ConCrimPro2

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UB69T00
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16370
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ConCrimPro2
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2010-04-28 01:09:08
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Constitutional Criminal Procedure 2
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  1. Requirement for initial appearance
    no constitutional requirement when the arrest is made pursuant to an arrest warrant-probable cause determined prior to arrest by judicial officer
  2. Constitutional requirement for intial appearance following warrantless arrest
    4th amendment requires D be taken before a judicial officer to determine if arrest supported by probable cause
  3. MD initial appearance requirement for all arrests
    MD initial appearance is more than whether arrest constitutional and is required folowing all arrests
  4. Constitutional timing requirement for initial appearance
    w/o warrant 4th amendment requires prompt presentment before judicial officer (48 hrs presumptively prompt)
  5. MD timing requirement for initial appearance
    District Court-without unnecessary delay and in no event later than 24 hours after arrest, Circuit Court-without unnecessary delay and in no event later than next court session
  6. Failure to comply with prompt presentment requirement for initial appearance (Federal)
    Confession may not be suppressed, as involuntary, only because of delay, if the confession is obtained within 6 hours of arrest, or longer if because of the magistrate's location-after that based on voluntariness factor
  7. Failure to comply with prompt presentment requirement for initial appearance (MD)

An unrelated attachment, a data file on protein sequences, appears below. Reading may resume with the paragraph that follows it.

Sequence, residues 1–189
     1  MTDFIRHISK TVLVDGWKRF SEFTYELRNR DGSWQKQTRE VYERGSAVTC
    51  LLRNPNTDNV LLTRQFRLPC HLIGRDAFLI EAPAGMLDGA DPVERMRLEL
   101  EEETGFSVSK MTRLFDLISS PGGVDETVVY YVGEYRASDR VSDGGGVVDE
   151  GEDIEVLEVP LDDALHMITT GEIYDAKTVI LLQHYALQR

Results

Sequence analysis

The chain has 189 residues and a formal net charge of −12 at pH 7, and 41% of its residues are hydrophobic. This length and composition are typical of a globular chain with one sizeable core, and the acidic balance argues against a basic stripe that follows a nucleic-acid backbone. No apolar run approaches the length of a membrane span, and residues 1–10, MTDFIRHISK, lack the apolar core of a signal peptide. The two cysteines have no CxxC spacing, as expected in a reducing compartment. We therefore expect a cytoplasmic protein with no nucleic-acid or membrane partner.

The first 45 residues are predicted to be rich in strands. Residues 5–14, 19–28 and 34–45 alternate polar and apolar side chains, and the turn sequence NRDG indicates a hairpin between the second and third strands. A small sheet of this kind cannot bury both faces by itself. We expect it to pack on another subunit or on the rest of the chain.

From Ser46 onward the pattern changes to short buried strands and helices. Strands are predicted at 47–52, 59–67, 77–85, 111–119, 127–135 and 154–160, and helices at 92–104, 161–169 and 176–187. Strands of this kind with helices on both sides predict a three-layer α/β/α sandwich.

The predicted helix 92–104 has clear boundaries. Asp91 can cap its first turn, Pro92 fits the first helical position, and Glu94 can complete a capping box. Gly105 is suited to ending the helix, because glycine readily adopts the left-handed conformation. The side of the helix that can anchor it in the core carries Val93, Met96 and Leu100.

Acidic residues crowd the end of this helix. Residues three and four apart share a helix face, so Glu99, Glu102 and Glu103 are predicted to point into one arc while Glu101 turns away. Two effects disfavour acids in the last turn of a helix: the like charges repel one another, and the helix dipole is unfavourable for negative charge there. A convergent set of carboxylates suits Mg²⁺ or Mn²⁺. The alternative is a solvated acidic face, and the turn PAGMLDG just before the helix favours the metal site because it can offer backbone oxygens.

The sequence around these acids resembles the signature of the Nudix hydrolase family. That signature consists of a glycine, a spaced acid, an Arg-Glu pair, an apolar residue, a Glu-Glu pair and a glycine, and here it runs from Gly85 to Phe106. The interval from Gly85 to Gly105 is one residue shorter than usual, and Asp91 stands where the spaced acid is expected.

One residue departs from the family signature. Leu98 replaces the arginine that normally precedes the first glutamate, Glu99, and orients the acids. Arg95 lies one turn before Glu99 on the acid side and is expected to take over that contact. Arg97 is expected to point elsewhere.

voluntariness factor-was delay deliberate and unnecessary-especially when for interrogation, then must be given "heavy weight" when determining voluntariness-unless made K and I waiver or right to prompt presentment.
  8. Steps when right to prompt presentment violated
    • motion to suppress-court determines voluntariness and admissability based on preonderance
    • if unsuccessful-only considered by jury if jury finds, beyond a reasonable doubt, that the statement was voluntay under totality of the circumstances
  9. Right to counsel at initial appearance
    not one-nonadversarial proceeding and no right to counsel has attached, not trial like confrontation
  10. Actions by District Court Commissioner during initial appearance
    • determine probable cause
    • advise of charges-including penalties, gives charging doc
    • advise of right to counsel
    • advise of right to prelim hearing
    • pretrial release determination-8th prohibits excessive bail
  11. Timeline on requesting preliminary hearing
    Must request within 10 days after initial appearance or it is waived. Set within 30 days after the request, unless rescheduled for good cause shown.
  12. Who can get a preliminary hearing?
    nonindicted D arrested for a felony not in jurisdiction of the district court who requests within 10 days after initial appearance. Does not get if State indicts.
  13. Conduct of the preliminary hearing?
    right to counsel attaches, ensures D receives charging document, state presents evidence to establish probable cause, D may cross-examine to get statements to impeach with later, D does NOT present their case. If State wins, can formally charge.
  14. Consequences or Preliminary Hearing
    • Probable cause-state may file new or amended charging document within 30 days (or later for good cause shown)